|Player||Average Touches||Touches Game 5||Average Passes||Passes Game 5|
With Parker finally able to penetrate, another move Popovich must be credited for was his team’s offense in the pick-and-roll, and the Mavericks’ inability to stop it for a primary part of the game.
“Obviously they’re a little smarter with it now,” said Nowitzki of the Spurs’ pick-and-roll offense in game five. “We’ve been doing it (defensive scheme) for five games. That roll is tough. You can’t give Duncan or Splitter those easy, uncontested layups. That’s how they affect the game. We’ll see,” continued Nowitzki, “we’ll watch the film. If we need to adjust, we’ll adjust.”
Per the Synergy Sports database, the Spurs ran 41 pick-and-roll possessions in game five, which meant 39% of their scoring possessions came from the pick-and-roll. In their 27 scoring possessions by the ball handler (Parker, Ginobili, Leonard, Mills), the Spurs scored on 9-of-23 attempts (39% FG). In their 14 attempts to the roll man (Splitter, Duncan, Diaw), the Spurs scored on 7-of-12 attempts (58%).
As stated above, one of the first adjustments Popovich made, was making the Mavericks’ defense begin to focus on Leonard as an offensive threat early, so that Marion had to defend Leonard, and Parker had Calderon defending him.
Take a look at this pick-and-roll from Parker in the first quarter with Calderon guarding him. At this moment in time, Duncan had already set the screen for Parker, and Calderon (green box) wasn’t quick enough to switch, so Parker was already in the paint to shoot his tear drop before Dalembert had a chance to contest it. If Marion was guarding this play, there’s a chance Dalembert would have stopped Parker from stepping into the paint right after Duncan set the screen.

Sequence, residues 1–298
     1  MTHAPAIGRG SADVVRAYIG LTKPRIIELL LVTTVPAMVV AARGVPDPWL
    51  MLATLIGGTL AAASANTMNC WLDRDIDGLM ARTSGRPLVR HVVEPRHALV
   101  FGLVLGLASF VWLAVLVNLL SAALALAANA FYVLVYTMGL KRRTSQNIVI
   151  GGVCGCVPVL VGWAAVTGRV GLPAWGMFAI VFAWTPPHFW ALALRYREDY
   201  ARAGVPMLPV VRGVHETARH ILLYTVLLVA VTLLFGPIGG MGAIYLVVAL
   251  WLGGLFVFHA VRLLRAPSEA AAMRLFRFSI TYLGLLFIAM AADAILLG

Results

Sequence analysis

Now watch the play in full speed, and you can see there’s a major drop off defensively when Calderon defends Parker on pick-and-rolls, as opposed to Marion.
Duncan and Splitter combined for 33 points on 14 of 26 shooting (54% FG), so what exactly did Popovich do to allow them to get layups, draw fouls, or even dunk the ball on the pick-and-roll? The following images below can give you a glimpse. Here’s a play from early in the second quarter. Ginobili and Splitter had just run a pick-and-roll, and the result was a Splitter open basket with Nowitzki unable to block him. As you can see, I highlighted Diaw in the corner. On this play Wright was late in running back to stop Splitter off the pick-and-roll because Diaw had him paying attention so far out in the corner that Wright was too late in having any chance at blocking Splitter’s shot.
Though he hasn’t scored many points in this series, one of Matt Bonner’s key reasons for being on the floor is to provide spacing. Notice how I have him highlighted on this pick-and-roll between Ginobili and Duncan. Just for those few seconds that Bonner’s out in the corner, he already has Nowitzki in a place where he has to worry about both Bonner and Duncan.
Now you can see the play in full motion. As you can see Bonner’s more of a decoy out there.
On this pick-and-roll play late in the third quarter, notice how Diaw, the Spurs’ big man alongside Duncan, heads to the outside of the arc to draw Marion away from the basket to him. After Wright and Ellis don’t switch properly, and with Carter staying near Green, Duncan gets an open uncontested layup. Now watch the play in full motion, again, watch how Diaw draws Marion out of the paint.
With the series heading back to Dallas Friday for game six, Popovich now sits as the frontrunner to win the chess match against Carlisle. Does Carlisle and the Mavericks have the necessary adjustments to try to even the series and force a game seven Sunday, or will it be Popovich who can say “checkmate” and eliminate Carlisle and his Mavericks from the playoffs this Friday?
(Stats, images, video, via nba.com/stats, MySynergySports.com)